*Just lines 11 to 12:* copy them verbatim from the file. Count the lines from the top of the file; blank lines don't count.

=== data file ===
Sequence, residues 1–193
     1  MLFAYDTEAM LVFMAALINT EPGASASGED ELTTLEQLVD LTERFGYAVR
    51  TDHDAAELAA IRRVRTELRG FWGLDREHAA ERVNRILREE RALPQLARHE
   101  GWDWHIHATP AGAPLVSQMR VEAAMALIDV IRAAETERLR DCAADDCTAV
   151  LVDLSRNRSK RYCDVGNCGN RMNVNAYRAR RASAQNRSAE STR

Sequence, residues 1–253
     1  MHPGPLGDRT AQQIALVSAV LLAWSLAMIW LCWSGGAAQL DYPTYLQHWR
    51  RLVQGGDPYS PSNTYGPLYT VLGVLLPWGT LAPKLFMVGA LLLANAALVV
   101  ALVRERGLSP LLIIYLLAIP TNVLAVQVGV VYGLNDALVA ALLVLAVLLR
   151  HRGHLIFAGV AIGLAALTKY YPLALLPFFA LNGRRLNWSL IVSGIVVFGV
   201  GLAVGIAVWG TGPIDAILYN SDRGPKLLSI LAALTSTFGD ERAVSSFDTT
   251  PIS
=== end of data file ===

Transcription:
   201  GLAVGIAVWG TGPIDAILYN SDRGPKLLSI LAALTSTFGD ERAVSSFDTT
   251  PIS